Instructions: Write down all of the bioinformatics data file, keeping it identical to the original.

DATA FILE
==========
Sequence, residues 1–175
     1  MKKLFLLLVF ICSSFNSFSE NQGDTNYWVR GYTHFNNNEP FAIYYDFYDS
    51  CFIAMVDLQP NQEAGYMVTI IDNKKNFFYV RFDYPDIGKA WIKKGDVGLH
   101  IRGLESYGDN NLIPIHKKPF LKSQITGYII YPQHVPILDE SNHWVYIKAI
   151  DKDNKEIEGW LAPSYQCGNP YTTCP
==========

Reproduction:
Sequence, residues 1–175
     1  MKKLFLLLVF ICSSFNSFSE NQGDTNYWVR GYTHFNNNEP FAIYYDFYDS
    51  CFIAMVDLQP NQEAGYMVTI IDNKKNFFYV RFDYPDIGKA WIKKGDVGLH
   101  IRGLESYGDN NLIPIHKKPF LKSQITGYII YPQHVPILDE SNHWVYIKAI
   151  DKDNKEIEGW LAPSYQCGNP YTTCP